A new report identifies opportunities to strengthen the home care workforce and improve quality and access.
With 15 million home-dwelling adults in the U.S. requiring some degree of personal assistance, there are significant opportunities for home care services and policies moving forward. These assistance needs are impacted by factors such as gender, race, ethnicity, nativity, geographic location, and health and economic status, as well as pending shifts in the population. A new report, Envisioning the Future of Home Care: Trends and Opportunities in Workforce Policy and Practice, offers insights into how to strengthen the lagging home care workforce and enhance quality as demands for services and support in this sector grow.
While unpaid caregivers (usually family members) provide much of the personal assistance for older adults, personal care aides, home health aides, and nursing assistants provide the paid home care support. The home care workforce has more than doubled in size from 2008 to 2018 and now stands at nearly 2.3 million workers. Personal care aides made up 81% of that employment growth. These workers are mostly female (87%) and people of color (62%). Nearly one-third (31%) were born outside of the U.S. Just over half (54%) have a high school education or less.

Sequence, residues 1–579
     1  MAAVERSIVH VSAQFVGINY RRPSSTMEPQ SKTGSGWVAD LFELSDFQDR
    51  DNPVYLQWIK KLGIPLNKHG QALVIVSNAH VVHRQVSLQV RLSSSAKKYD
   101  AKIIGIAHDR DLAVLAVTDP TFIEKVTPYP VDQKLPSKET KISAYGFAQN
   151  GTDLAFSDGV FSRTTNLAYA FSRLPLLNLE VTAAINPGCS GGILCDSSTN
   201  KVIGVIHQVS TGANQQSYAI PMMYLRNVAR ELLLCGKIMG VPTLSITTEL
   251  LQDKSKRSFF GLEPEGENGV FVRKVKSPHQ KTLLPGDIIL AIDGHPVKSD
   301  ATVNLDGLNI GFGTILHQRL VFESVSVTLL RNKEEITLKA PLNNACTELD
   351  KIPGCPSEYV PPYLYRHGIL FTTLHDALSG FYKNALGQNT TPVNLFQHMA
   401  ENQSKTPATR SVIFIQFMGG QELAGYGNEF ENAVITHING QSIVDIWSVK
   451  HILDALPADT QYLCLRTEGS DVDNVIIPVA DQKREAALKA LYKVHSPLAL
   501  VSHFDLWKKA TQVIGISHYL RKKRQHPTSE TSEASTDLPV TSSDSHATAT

The home care industry is currently dominated by several trends including increasing for-profit ownership, the expansion of acute care providers into this sector, home care franchising, and the entry and exit of tech-driven companies. Elsewhere, publicly-funded consumer-directed programs, which enable patients/families to hire their own workers, have grown in popularity. These trends present some challenges. First, there is uncertainty about whether all home care providers are equally prepared to provide quality care and meet job/workforce standards. At the same time, the significant variation in certification and licensure rules complicates efforts to ensure consistency and effective communication across settings and providers.
The median wage for home care workers is $11.52 per hour, with annual earnings of about $16,200. These numbers are only slightly higher than they were a decade ago. Earning is limited by part-time scheduling, with nearly two in five aides working fewer than 35 hours per week. Many workers, it should be noted, would like to work more hours.
The PHI report authors suggest, “Along with better wages, hours, and benefits, the evidence shows that job quality in home care can be improved through high-quality supervision, which is often lacking in home care, and other employer-driven employment supports.” The authors further suggest, “At the systems level, strategies to improve job quality for home care workers include increasing the minimum wage and implementing supportive employment policies for all workers, along with raising reimbursement rates to fully cover home care labor costs and directly increase home care wages.” Monitoring and evaluation, they say, are essential to ensure these strategies are successful.
Watch InFront next week for more from this report regarding reimbursement/payments and home care technology.